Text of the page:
Newspapers are dying across the country. Local papers are shutting down, Gannett is laying off 3,000 people, the Christian Science Monitor will no longer put out a print edition, and even the New York Times is facing a serious cash crunch. Can citizen journalism fill in the gaps?
David Cohn thinks so. Today, he launches Spot.Us, a not-for-profit experiment in community-funded journalism. The site is a hub where freelance journalists can pitch story ideas and readers can pitch in money to pay the journalists to report and write the story. The focus of the site is on local, community issues around the San Francisco Bay area—the kind that supposedly get short shrift by city newspapers. But Cohn hopes to expand the concept to other communities.
Some of the pitches on the site now include
How safe are San Francisco Bay beaches and water a year after the Cosco Busan oil spill?
No dog park in Pacifica?
Why Won’t the CA PUC Enforce California’s Robocall Ban?
In contrast to other citizen journalism sites such as CNN’s iReport, NowPublic, GroundReport, or CJReport, there is not much room for citizens to participate in the journalism other than voting with their cash and submitting tips. Especially when it comes to local issues, local citizens are often better informed than an outside journalist. But turning the entire process over to readers doesn’t always produce the desired results either, as CNN found out recently withe the false “ireport” of Steve Jobs having a heart attack.
The site is part of a trend, though, in what I call mediated citizen journalism. There are still some controls in place. For instance, the Examiner.com is approaching local news by creating a virtual newsroom out of a corps of regular citizens, whose blog posts are vetted. Similarly, TC50 startup IamNews, allows any media site to turn its readers into reporters without giving them access to the publish button. Spot.US could add a little more participation to the process.
Also, I am a little bit suspect that the tip jar approach is going to produce quality journalism. Most people don’t care enough about these issues to a pay a couple bucks for the local paper, much less pitch in $10 or $50 to send a reporter out to write a story that they might not see for days or weeks. If Spot.US wants to engage citizens in creating quality journalism, they have to be able to contribute to the research and writing themselves, and even share a byline.
Below is an email Q&A I conducted with Cohn about Spot.Us:
Q: How will this work exactly?
1. Anyone can create a “story tip” – and people can pledge to it. An example of a tip.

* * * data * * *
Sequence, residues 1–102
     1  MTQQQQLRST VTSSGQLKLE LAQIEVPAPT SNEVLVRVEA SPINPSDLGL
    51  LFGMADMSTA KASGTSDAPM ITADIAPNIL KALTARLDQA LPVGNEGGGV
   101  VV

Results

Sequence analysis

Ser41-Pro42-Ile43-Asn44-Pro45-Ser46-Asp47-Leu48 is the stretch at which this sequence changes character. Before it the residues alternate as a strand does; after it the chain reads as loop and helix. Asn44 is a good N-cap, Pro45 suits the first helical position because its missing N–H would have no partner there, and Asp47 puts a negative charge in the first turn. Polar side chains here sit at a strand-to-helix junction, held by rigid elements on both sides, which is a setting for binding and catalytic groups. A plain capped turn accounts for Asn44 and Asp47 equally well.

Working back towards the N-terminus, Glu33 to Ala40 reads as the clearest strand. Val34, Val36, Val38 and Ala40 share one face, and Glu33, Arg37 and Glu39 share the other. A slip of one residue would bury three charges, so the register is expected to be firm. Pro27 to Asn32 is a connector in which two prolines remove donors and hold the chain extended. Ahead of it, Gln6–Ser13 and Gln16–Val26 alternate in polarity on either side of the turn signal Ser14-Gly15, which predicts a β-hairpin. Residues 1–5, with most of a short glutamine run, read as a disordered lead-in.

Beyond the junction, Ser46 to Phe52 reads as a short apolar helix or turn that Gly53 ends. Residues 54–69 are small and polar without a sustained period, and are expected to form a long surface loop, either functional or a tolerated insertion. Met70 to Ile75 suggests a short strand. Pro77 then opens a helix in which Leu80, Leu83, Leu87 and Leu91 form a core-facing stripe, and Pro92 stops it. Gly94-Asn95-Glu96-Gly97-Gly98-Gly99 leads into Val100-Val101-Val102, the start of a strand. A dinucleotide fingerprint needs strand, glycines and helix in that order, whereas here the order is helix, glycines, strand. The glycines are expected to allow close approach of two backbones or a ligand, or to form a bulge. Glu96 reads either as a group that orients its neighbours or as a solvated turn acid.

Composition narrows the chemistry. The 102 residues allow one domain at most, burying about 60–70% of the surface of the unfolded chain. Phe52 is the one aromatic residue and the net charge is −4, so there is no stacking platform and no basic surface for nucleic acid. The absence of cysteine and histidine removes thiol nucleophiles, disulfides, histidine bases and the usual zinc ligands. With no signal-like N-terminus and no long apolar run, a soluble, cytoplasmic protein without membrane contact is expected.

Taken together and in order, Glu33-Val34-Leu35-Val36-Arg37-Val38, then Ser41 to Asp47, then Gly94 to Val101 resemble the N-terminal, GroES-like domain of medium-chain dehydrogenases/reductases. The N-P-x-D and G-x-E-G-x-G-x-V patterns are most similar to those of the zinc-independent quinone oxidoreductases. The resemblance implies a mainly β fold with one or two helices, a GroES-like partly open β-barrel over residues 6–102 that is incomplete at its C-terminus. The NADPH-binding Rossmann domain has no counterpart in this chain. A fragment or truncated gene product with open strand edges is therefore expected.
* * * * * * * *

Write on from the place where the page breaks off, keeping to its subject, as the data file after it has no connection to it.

2. Reporters create pitches – people donate to pitches (real money is exchanged).
3. Finished content is made available to be republished for free UNLESS a news organization buys exclusive rights to an article. If a news organizations wants exclusive rights they must either (a. Donate 50% towards a pitch early or (b. if the community has funded 51% or more – then a news org must donate 100% towards the pitch with extra proceeds going back to the original donor (similar to Kiva.org model).
Q: Who can become a Journalist?
Anyone can be a journalist. I decided NOT to try and define who is and isn’t a journalist. I thought that would be a step backwards. BUT: On a pitch you must explain your qualifications and journalists are encouraged to fill out their profiles which include giving their work history and work samples. We also encourage donors to look at a journalists profile before they donate.
Q: How are the prices set?
Right now the prices are set by the independent freelance journalists. But you must explain what you will deliver and justify the money you are asking for.
Q: How is the money split up, where does it go?
90% of the money goes to the reporter who pitched the investigation. The other 10% goes to an independent fact-check editor that is assigned to the story. This person is actually another journalist in our system, not a Spot.Us staffer. The Fact-Check editor’s job is to do fact-checking and ensure fairness in the reporting. They must approve the final story before it is published.
Q: Where does the story appear? Who enforces deadlines? Are there any deadlines?
The story will appear on Spot.Us but will be made available to any news organization to republish for free. The only exception to this is if a news organization pays 50% or more towards a pitch. In that case – they get first publishing rights to the article.
There are no deadlines – but the reporter isn’t paid until the pitch is published. We try and find pitches that are evergreens. We don’t suspect it is possible to crowdfund to hire a reporter to cover the fire across the street
Q:Why only local stories? Aren’t there big, juicy, national stories that need to be told (and that would attract more funding)?
Good question with a few answers.
1. The Knight News Challenge which funded Spot.Us is supporting research and development that would support local reporting.
2. We believe there will always be large national news organizations like the NY Times, WaPo and CNN. But local newspapers are starting to face real hardships and it’s reasonable to imagine a world where local papers like the SF Chronicle, or Cincinnati Enq, etc disappear.
These papers played an important role in our local democracies and we want to make sure that the role they played continues. Journalism will survive the death of its institutions. We do hope to expand to other regions beyond the SF Bay Area soon – but we want to prove ourselves in this market before we expand.
Q: Is Spot.us set up simply to present pitches, gather tips and funding, or are here tools for letting the crowd help report the story as well?
Right now, the only way the public can participate is by donating to a story or creating a story tip. In the future – we want to let them be fact-checkers, leave comments on stories and even donate man-hours towards pitches, instead of just money.